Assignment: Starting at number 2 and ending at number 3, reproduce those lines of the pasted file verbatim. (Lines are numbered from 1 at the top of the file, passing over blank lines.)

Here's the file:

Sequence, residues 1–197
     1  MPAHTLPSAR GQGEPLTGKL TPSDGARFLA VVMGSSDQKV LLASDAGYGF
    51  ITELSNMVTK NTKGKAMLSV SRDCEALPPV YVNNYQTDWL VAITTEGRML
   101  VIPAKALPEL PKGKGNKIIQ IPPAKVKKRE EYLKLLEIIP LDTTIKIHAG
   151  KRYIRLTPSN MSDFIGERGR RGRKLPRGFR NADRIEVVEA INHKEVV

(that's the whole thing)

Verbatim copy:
     1  MPAHTLPSAR GQGEPLTGKL TPSDGARFLA VVMGSSDQKV LLASDAGYGF
    51  ITELSNMVTK NTKGKAMLSV SRDCEALPPV YVNNYQTDWL VAITTEGRML